Integrating Japanese Eastern medicine with Western medicine.

Core Stability = Diaphragmatic Breathing

For many people, chronic back pain, neck pain, headache, and a host of other ailments can be linked back to a common cause: losing the habit of diaphragmatic breathing.

Diaphragmatic breathing is an even expansion of the ribcage, produced by the diaphragm muscle in coordination with a group of muscles commonly associated with our “core”.

Many of us breathe primarily by using our neck and chest muscles to lift our ribs and collar bones up in the front – toward the front of our necks – and also with our back muscles – to pull our ribcage down in back. But overuse of these muscles not only produces shallow and ineffective breathing, it also creates postural distortions  – such as forward head posture and lumbar hyper-lordosis – that can cause or perpetuate chronic pain, physical impairment and disability.

If we overuse the muscles of our necks and backs with every breath we take – and we breathe more than 20,000 times each day – there is little hope that these muscles will be able to relax. Eliminating these muscle tensions permanently requires re-learning diaphragmatic breathing.

When the diaphragm fills our lungs with air as it’s meant to, we relax in body and mind. Diaphragmatic breathing activates the parasympathetic (rest and relaxation) part of our nervous system. And when the neck, chest and back muscles are freed from overworking with each breath, they return to normal resting tone, ready to move our bodies, the job they are really meant for.

Diaphragmatic breathing = core stability. Core stability = diaphragmatic breathing.

For the diaphragm to fill our lungs the way nature intended, the way it did when we were children, we need our abdominal muscles to play a larger role. Specifically, our outer abdominal muscles, the obliques, as well as the deepest layer of the abs, the transverse abdominis, need to work together to keep our ribcage from rising up in the front. When the ribs above and to the sides of our bellies are held down by our abs, the diaphragm regains the shape and leverage required to expand the chest and lungs in all directions, thereby relieving the back, chest and neck muscles of their burden of overwork.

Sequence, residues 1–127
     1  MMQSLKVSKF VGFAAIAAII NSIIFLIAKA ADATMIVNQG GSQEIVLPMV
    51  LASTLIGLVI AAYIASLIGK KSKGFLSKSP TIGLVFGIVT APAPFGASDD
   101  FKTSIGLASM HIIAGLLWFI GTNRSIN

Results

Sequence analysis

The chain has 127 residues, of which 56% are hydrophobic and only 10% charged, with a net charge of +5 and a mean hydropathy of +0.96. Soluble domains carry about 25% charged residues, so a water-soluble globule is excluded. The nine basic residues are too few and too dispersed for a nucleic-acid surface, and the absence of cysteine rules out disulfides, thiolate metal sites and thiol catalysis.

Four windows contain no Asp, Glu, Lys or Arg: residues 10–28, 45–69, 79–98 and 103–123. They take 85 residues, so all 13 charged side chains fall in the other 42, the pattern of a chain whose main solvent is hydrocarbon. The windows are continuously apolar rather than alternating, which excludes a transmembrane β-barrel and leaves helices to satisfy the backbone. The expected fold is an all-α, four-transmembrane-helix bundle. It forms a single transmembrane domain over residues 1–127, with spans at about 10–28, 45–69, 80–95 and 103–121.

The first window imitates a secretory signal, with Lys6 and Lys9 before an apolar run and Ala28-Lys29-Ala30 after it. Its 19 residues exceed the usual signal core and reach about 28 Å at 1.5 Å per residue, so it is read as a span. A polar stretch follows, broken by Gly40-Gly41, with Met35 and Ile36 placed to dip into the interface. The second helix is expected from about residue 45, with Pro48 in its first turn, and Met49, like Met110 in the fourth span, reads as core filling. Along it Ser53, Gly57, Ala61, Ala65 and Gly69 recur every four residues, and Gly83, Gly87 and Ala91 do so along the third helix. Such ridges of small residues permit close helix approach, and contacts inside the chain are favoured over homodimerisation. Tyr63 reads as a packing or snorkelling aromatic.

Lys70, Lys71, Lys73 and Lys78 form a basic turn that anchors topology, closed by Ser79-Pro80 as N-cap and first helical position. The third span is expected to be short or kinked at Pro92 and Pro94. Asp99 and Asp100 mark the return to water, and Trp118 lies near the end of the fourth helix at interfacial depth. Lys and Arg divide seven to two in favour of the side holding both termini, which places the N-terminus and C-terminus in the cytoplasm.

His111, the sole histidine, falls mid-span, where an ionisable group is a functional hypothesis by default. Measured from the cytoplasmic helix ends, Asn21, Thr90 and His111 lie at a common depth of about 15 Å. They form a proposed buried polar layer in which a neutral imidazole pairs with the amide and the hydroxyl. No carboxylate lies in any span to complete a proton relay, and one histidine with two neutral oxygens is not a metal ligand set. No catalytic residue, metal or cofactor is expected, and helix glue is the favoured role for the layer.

But the “core” is really more than the abs. Little known muscles on the side and back of the ribcage – known as the serratus anterior and trapezius muscles – coordinate with the abdominal muscles to support and enable healthy posture and diaphragmatic function.

When this happens, the diaphragm assumes a special dual role: it pulls air into our lungs and also provides stability to our posture and our spine through harmonious cooperation with all the muscles of our core. To breathe diaphragmatically is to engage the core muscles, not only in the abdomen, but throughout our thorax as well. This wholistic muscle engagement produces intra-abdominal pressure, or pressure within our abdomens.

Above the abdomen, the diaphragm, now positioned correctly by the muscles of the core, presses down on our abdominal contents; below, the muscles of the pelvic floor resist by increasing tone and lifting slightly up. And all around, the abdominal and back muscles work together to create a cylinder that contains and regulates intra-abdominal pressure.

Intra-abdominal pressure is a key to spinal stability. It’s like having a ball inside our belly that presses backward against the spine, supporting it. This relieves the back muscles of working too hard, which further improves the balance of muscular activity through our core. The abdominal muscles work harder, and the overworked back muscles, which had been pulling us into hyper-lordosis, can relax and stretch out.

With breathing now performed by the diaphragm and the concerted action of our core, the muscles of our neck and chest, known also as “accessory breathing muscles,” can stop working so hard, and get back to their real jobs – to move our head, neck and arms.

Diaphragmatic Breathing requires that our core muscles are active and engaged. Active and engaged core muscles, in concert with the diaphragm, produce intra-abdominal pressure that stabilizes our spine and integrates our posture. Breathing diaphragmatically requires, and produces, core stability. If we breathe diaphragmatically, we have core stability. If we have core stability, we can breathe diaphragmatically. Diaphragmatic Breathing = Core Stability.